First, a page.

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Exploring Phang Nga Bay in Local Long-Tail Style

With its dramatic landscape of steep karsts rising out of a calm, jewel-toned sea, Phang Nga Bay is the one place that no visitor to the Andaman region should miss. But what’s the best way to see it?

  Phang Nga

June 2015
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Many tourists set off every day on packaged tours to the bay and sadly – especially in the peak season months – there are often scenes of hundreds of people spilling off tour boats and crowding out the bay’s beautiful beaches and caves.
 

A savvy traveller knows that to see a sight in its full glory, it’s better to chart your own path. And in Phang Nga Bay this is easily achieved. You could charter a luxury yacht and explore in sumptuous style and comfort, but for those lacking the budget or looking for a more traditional way to venture into the bay, there’s the mighty long-tail boat.


The long-tail boat is a true symbol of coastal Thailand. Every travel book, article and video about Thailand’s beaches and islands will include images of this colourful vessel. These hand-crafted boats travel along smoothly, albeit loudly, most adorned with garlands and scarves around the curved bow as an offering to the sea spirits for protection. Its swiveling rear engine with a propeller at the end of a long shaft is the ‘tail’ that gives the boat its name. Long-tails are generally owned or operated by local men who are also fishermen or otherwise well-versed in the sea and sights in the area.

You can catch a long-tail boat from several departure points in Phang Nga province, just over the bridge from Phuket. There are several signs along the road for ‘James Bond Island’ tours, but probably the best touring boats are found at Surakul Pier in Takua Thung about 12 kilometres west of Phang Nga Town. They’re large, well maintained and have a canopy roof for shade. Plus there’s attention to safety with all passengers given life jackets before they board the boat, including child-sized jackets for children.

The price is 2,500 baht for the boat for the day, which could seat a dozen passengers comfortably. They will depart as soon as your group is ready, ideal if you wish to avoid the crowds and go in the early morning hours or afternoon.

The first part of the journey is more like a jungle tour as the boat glides through an inlet flanked by mangrove forest. After about 20 minutes the water opens up to the sea and – behold! – you’re treated to your first sight of the bay’s famed karsts.

From here there are several places to explore, but the following describes a typical journey.

The Hongs. A hong, or room, is a cave found inside some of the karsts, formed when the middle of the peak collapses into the sea. Though these little oases have become a popular and sometimes crowded sight, it’s still worth venturing in to see these true wonders of nature up close. Narrow access means that the only way in is by sea kayak, which can be hired at one of the floating barges just outside the hong entrance. The caves are a challenge to navigate, meaning that your kayak will be paddled by a guide, and there’s an extra cost for this at 400 baht per person.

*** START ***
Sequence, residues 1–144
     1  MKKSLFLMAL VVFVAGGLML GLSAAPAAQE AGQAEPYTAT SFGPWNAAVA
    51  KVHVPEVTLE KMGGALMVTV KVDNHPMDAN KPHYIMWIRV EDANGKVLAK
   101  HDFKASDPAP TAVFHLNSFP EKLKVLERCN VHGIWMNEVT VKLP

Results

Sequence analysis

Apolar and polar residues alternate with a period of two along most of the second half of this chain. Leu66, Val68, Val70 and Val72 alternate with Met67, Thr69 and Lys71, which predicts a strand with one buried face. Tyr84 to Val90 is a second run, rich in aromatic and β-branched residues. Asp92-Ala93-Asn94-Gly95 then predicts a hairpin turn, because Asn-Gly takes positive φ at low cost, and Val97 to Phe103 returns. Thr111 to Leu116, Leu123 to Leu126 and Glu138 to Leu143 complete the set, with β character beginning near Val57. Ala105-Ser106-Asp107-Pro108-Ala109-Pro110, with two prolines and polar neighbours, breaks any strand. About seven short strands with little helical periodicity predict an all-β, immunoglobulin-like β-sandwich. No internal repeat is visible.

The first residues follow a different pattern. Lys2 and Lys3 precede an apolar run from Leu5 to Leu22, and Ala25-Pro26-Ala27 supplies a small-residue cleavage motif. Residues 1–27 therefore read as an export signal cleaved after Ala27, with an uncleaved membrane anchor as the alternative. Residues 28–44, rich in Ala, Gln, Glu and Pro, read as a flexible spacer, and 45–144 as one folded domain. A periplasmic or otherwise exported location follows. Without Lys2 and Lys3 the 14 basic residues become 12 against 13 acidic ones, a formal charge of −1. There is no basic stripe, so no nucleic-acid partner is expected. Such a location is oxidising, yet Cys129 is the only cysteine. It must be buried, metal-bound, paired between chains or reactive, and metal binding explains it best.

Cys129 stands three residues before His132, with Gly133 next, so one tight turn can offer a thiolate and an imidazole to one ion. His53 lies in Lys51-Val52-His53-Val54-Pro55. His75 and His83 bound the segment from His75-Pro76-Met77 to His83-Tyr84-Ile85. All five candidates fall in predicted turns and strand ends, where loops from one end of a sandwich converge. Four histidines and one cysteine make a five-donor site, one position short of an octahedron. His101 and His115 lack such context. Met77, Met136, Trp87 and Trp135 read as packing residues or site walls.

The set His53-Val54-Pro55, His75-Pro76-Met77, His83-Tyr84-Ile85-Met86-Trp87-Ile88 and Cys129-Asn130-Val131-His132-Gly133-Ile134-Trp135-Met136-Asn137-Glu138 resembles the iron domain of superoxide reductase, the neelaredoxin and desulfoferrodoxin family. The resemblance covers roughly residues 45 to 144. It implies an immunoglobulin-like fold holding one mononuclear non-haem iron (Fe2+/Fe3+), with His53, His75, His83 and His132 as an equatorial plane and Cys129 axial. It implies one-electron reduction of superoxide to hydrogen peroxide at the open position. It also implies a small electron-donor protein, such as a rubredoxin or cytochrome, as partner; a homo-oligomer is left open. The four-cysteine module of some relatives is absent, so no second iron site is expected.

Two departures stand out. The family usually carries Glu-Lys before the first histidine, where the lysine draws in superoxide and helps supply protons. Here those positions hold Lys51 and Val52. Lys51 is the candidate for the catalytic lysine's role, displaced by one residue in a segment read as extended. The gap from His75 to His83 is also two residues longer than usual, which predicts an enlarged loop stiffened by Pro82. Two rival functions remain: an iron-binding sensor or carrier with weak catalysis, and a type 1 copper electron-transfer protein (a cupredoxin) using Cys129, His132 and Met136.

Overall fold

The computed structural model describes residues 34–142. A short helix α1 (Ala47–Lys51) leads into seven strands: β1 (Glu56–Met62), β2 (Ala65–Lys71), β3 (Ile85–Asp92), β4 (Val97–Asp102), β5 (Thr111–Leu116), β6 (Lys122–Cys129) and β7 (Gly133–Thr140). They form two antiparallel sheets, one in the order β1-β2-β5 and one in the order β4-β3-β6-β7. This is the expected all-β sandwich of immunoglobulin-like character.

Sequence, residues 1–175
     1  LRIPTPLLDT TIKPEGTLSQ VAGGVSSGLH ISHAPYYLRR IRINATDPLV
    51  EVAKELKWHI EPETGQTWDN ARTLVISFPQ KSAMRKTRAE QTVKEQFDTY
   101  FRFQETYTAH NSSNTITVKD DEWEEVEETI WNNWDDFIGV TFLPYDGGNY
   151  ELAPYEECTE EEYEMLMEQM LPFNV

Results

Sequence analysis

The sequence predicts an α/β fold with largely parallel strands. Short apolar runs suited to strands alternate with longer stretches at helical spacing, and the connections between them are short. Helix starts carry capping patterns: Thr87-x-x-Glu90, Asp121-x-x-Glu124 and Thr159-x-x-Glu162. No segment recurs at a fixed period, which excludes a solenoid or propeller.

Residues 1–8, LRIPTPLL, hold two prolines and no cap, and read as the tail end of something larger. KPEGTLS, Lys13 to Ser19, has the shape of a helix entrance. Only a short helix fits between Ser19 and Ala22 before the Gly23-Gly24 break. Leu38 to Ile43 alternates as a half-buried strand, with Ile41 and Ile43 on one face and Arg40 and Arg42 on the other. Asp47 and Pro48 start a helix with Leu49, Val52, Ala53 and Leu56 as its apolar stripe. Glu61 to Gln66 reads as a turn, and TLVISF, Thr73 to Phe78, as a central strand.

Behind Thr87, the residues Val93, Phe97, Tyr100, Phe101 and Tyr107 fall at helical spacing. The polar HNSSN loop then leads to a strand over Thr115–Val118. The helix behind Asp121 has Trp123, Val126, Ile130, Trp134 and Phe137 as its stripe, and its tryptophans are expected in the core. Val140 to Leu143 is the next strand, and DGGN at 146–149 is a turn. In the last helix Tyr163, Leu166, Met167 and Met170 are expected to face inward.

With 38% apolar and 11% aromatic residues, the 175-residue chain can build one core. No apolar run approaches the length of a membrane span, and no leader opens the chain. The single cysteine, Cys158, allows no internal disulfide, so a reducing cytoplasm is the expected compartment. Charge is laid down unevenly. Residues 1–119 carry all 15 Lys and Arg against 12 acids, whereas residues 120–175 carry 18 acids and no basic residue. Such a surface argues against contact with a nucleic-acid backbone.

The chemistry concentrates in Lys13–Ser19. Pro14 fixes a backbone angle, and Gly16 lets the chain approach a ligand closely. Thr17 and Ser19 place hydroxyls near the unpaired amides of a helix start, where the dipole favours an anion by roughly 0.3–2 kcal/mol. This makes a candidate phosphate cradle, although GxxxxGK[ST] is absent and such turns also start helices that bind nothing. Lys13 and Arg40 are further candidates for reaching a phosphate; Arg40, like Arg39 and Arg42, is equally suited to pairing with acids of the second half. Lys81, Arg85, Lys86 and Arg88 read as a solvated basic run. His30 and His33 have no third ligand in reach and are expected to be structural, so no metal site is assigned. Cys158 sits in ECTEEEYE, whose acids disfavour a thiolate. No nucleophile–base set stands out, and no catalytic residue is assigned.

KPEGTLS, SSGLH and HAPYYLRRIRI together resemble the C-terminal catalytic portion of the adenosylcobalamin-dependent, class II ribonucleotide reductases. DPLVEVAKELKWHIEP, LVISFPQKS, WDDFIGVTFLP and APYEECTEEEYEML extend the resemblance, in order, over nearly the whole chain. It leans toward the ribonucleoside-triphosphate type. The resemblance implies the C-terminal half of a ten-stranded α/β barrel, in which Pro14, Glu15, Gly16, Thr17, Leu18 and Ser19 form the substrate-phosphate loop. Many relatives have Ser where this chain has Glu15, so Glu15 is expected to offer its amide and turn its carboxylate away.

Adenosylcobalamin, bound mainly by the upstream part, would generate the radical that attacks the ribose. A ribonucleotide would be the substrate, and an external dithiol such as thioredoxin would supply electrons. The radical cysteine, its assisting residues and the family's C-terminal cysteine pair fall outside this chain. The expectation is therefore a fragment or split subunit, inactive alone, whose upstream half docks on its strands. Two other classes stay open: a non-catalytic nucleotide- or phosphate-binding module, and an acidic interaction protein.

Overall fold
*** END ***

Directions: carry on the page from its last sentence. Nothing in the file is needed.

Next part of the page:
The guide takes you through a series of caves, some with only a sliver of space between the water and cave walls, meaning you have to get cosy with your boat-mates and lie back flat on the kayak to get through. As you squeeze through, be sure to look up at the cave walls around you to catch a sight of the sparkling stalactites: nature’s bling. If you’re keen to do more ‘honging around’, try booking a separate trip with John Gray’s Sea Canoe, eco-conscious kayak experts who will take you to lesser-known, less crowded caves.

Bond, James Bond. Love it or hate it, there’s no denying that Koh Khao Phing Kan – better known as James Bond Island – has some of the most beautiful topographical features in the world. A popular destination since it was made famous as the island hideaway of the criminal Scaramanga in the 1974 film The Man With the Golden Gun, it’s now often decried as a tourist trap. But arriving here via your own chartered boat gives you the chance to visit during the island’s quieter hours and explore without any time pressure. The small island with tall cliffs rising straight up from the sea has a perfect little beach that offers a view of Koh Tapu, or Nail Island: yes, that’s the one in all the postcards. But the fact that millions of people have seen it makes it no less stunning.

 


Koh Panyee. To see the best of Koh Panyee, this Muslim floating village attached to the base of a towering karst island, be sure to get there either early in the morning or in the late afternoon outside of the tour group hours. The front of the village is lined with scenic yet unremarkable restaurants and many souvenir stalls. Sneak down the narrow walkways to the other side where the village’s community life is better revealed. Here’s where you’ll see the local villagers simply leading their lives: washing clothes, preparing meals, praying, seemingly oblivious to the spectacular Andaman scenery around them.

Take a look at the village football pitch and you’ll soon understand why this tiny town is home to some regional champion teams. The pitch is built on a floating raft with all four sides open to the water. Having good ball control means avoiding a splashy fall into the sea.

From here, it’s a just short return trip through the mangroves and back to the pier. All in all, this do-it-yourself long-tail tour offers a low-key yet fun way to putter around Phang Nga Bay and take in its magnificent sights at your own pace.

  Photo gallery : Exploring Phang Nga Bay in Local Long-Tail Style

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